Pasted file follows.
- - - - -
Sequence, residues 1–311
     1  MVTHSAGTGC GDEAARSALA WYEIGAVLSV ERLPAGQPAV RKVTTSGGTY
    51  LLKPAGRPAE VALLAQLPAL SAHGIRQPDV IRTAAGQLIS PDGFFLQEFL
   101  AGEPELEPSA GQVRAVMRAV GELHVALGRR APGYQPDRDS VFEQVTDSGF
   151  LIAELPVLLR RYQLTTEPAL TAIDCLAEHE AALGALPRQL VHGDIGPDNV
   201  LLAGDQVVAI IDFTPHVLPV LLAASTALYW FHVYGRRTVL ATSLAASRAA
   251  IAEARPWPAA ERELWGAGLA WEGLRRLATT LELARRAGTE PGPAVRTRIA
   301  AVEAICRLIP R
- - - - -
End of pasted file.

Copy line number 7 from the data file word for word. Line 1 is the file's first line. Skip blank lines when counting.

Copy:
   251  IAEARPWPAA ERELWGAGLA WEGLRRLATT LELARRAGTE PGPAVRTRIA